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Investing  | January 28, 2021

Nancy Pelosi made some stock purchases last month that are raising eyebrows — and questions — about the ethics of Congresspeople buying and selling stocks. In December, Rep. Pelosi, the Speaker of the House, purchased 25 call options of Tesla stocks, along with a few other stock purchases. Why does this matter? Because under the Biden administration’s new agenda, with its focus on environmental protections and combating climate change, Pelosi could benefit financially from those political plans.

President Joe Biden is currently encouraging the purchase of electric vehicles, and that could mean lifting the cap on sales, providing tax credits to buyers, and a potential program incentivizing people to trade in used vehicles to buy an electric one. Biden also announced on Monday that he would be replacing the entire fleet of 645,000 federal vehicles with electric ones. This could create a conflict of interest, as part of Pelosi’s job will include working to pass these environmental and clean energy initiatives — initiatives from which her family now stands to profit handsomely.

According to the disclosure, Pelosi (or her husband, Paul, who runs a venture capital firm) purchased call options at a stake price of $500. Since the calls were bought last month, shares of Tesla have risen from $640.34 to over $890. The call options are now valued at $1.12; they were purchased for between $500,000 and $1 million.

Questions of whether it’s ethical for members of Congress to buy and sell stock are not new. Last year, former Georgia Senator Kelly Loeffler was accused of insider trading and profiting off the coronavirus pandemic when she sold between $1.275 million and $3.1 million in stocks right after being briefed in January 2020 about the seriousness of the virus. In June of 2020, the investigation was dismissed by a Senate ethics panel. And since then, Loeffler lost her seat in the Senate to Democrat Raphael Warnock.

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Another former Georgia Senator, David Perdue, was also criticized for potentially unethical stock purchases during the six years he spent in Congress. The Republican was investigated by the Justice Department for his stock market activity, though no wrongdoing was found (he, too, lost his recent re-election campaign to a Democrat, Jon Ossoff).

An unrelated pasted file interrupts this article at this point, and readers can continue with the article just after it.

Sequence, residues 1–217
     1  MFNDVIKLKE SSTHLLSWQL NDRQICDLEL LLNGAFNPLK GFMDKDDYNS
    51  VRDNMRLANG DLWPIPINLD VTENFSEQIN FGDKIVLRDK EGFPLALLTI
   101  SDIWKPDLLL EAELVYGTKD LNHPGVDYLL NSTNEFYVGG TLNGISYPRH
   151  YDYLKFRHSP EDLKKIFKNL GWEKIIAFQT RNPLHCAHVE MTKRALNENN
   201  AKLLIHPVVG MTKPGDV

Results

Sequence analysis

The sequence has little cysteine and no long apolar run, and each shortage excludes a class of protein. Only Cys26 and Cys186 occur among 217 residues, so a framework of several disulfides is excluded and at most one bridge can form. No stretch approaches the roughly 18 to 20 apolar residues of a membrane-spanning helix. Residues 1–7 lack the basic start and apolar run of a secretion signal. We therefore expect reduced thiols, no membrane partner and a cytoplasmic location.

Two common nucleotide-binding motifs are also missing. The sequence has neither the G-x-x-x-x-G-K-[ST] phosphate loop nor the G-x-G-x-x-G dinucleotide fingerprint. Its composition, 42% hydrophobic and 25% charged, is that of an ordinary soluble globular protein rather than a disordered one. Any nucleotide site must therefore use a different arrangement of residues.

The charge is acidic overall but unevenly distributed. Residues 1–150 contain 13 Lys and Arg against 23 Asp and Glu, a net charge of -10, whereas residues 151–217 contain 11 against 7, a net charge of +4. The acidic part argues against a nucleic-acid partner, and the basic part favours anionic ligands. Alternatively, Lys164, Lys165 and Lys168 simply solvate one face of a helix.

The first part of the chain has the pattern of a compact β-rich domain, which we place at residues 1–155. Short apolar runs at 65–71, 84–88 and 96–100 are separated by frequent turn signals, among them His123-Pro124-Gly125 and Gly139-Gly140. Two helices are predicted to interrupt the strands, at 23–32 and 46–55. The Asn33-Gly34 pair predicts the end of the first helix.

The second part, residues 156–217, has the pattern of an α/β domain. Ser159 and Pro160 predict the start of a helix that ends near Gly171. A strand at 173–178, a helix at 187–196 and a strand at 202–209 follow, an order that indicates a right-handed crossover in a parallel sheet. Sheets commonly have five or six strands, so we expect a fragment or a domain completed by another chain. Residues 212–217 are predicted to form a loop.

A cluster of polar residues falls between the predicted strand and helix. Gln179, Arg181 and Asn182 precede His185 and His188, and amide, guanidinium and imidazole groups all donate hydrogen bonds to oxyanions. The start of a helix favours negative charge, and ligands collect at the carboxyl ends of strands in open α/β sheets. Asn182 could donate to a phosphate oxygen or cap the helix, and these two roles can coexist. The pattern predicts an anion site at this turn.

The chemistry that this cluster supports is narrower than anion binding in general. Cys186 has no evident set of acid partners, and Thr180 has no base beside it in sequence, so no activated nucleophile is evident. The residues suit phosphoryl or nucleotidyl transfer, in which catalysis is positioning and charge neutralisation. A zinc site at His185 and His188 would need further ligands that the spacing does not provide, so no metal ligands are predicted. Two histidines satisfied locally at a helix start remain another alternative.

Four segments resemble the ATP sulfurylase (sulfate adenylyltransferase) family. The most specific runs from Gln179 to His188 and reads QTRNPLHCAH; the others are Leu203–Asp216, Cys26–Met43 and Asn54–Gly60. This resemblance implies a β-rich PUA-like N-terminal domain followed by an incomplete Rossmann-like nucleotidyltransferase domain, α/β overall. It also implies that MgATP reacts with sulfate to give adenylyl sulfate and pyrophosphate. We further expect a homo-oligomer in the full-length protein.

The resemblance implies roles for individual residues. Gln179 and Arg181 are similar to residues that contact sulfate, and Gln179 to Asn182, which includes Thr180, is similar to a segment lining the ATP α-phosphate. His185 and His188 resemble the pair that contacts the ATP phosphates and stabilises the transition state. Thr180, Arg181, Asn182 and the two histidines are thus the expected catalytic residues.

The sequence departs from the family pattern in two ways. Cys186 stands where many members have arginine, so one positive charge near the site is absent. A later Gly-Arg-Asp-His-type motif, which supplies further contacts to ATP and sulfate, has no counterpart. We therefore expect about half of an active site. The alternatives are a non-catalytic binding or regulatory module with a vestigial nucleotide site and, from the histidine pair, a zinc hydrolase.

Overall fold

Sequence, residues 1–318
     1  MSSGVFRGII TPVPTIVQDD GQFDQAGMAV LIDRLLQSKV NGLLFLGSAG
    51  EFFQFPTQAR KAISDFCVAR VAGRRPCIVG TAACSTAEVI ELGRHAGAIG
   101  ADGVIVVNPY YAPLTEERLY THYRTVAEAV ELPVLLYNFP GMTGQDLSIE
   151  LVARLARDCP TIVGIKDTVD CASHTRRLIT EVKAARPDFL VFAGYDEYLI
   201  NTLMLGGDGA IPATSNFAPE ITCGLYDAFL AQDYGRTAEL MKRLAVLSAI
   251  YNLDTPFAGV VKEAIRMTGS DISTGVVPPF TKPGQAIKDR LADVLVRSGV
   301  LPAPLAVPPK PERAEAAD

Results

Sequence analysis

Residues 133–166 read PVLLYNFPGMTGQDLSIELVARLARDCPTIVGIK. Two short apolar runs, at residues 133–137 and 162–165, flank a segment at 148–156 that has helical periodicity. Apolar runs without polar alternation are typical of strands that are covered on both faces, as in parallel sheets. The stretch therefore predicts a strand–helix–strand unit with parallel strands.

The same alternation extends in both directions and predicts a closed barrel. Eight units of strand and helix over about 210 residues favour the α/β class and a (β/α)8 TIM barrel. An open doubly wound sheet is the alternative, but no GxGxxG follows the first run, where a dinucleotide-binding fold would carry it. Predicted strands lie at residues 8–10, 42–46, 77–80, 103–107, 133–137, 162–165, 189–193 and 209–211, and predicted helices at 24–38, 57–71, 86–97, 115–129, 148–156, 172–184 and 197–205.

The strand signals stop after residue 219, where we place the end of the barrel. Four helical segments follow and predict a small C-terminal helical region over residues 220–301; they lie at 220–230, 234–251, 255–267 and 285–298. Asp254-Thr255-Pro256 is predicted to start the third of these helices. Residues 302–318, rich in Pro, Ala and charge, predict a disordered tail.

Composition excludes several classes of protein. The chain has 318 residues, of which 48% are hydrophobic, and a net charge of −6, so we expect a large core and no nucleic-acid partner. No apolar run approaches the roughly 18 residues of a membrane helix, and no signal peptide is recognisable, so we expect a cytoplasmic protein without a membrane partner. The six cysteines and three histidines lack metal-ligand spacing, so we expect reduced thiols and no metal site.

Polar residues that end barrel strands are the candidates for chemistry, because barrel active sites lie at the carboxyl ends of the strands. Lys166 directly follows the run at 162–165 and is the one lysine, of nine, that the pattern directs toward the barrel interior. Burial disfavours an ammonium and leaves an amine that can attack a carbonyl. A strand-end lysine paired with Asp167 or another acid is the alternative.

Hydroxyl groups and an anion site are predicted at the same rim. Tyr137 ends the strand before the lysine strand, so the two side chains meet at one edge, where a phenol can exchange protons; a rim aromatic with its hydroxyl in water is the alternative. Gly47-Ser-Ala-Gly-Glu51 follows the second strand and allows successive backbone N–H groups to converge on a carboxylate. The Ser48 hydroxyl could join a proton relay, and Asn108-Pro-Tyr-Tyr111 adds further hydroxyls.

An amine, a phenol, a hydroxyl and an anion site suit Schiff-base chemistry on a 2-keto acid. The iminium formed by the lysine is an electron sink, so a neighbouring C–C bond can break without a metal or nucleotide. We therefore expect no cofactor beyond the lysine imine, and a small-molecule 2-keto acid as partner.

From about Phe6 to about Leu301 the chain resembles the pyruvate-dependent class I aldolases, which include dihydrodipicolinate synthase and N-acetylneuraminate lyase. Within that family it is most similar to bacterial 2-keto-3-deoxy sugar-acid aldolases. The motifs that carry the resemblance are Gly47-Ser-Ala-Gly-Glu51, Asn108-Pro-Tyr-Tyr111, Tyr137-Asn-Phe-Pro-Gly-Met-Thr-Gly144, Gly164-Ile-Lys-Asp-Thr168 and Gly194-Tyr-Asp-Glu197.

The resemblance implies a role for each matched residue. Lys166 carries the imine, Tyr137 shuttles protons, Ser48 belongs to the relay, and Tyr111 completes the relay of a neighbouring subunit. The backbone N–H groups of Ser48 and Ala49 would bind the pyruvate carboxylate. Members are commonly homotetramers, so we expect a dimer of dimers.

In the past, there has been legislation aimed at combating this. The STOCK Act, passed after the 2008 financial crisis, attempted to stop insider trading by making it illegal for government officials to trade stocks after receiving material or nonpublic information “derived” from their jobs, or information that they received while performing their jobs. In light of the Loeffler and Perdue activity, that bill has been re-examined and some people have argued it did not go far enough.

“Given that Congress’ first obligation is to the American people and that serving that obligation so often requires having more knowledge than ordinary American investors, why should members of Congress be permitted to trade individual stocks at all?” Tyler Gellasch, a former Senate staffer who helped draft the STOCK Act, wrote last year in a piece for Politico. “Why should we expect them to even be capable when making business decisions of separating what they know as a result of their governmental job and what they might otherwise know as private individuals?”

Other lawmakers agree, including Sens. Elizabeth Warren and Jeff Merkley. Currently, there is proposed legislation that would ban individual stock purchases by members of Congress. “After nearly four years of the most corrupt president in American history and with U.S. senators brazenly trading stocks to profit off a raging pandemic, the Anti-Corruption and Public Integrity Act is more urgent than ever,” Warren and other lawmakers said in a joint statement.


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